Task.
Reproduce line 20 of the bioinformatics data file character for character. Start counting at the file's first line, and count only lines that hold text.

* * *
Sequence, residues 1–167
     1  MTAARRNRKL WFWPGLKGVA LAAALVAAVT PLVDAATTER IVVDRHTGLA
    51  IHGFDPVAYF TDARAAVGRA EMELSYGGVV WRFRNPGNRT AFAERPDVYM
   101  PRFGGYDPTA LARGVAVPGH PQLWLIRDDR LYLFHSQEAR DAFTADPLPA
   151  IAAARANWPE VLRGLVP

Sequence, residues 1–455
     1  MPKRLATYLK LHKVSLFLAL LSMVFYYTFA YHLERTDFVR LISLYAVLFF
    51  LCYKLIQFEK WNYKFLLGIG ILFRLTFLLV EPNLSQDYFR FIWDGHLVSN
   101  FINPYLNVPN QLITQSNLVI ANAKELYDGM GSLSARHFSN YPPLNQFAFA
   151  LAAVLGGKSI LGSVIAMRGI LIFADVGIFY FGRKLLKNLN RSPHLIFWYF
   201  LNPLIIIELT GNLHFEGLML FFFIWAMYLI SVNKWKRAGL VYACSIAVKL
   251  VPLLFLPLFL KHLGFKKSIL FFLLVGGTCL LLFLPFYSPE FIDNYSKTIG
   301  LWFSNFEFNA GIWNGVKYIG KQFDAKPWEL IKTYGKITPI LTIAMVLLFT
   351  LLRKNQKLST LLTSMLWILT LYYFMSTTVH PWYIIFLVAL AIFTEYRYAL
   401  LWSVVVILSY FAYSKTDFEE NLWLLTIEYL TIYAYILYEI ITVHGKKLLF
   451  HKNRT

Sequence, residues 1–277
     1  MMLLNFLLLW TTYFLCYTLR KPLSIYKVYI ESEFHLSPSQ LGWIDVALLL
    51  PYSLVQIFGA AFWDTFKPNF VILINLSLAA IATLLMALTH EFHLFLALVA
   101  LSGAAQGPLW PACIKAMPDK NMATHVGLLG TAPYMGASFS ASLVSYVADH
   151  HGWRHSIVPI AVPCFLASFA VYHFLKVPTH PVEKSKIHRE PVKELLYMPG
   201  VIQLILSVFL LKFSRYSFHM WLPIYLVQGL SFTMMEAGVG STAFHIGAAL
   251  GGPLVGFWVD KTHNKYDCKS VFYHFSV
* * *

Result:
   101  LSGAAQGPLW PACIKAMPDK NMATHVGLLG TAPYMGASFS ASLVSYVADH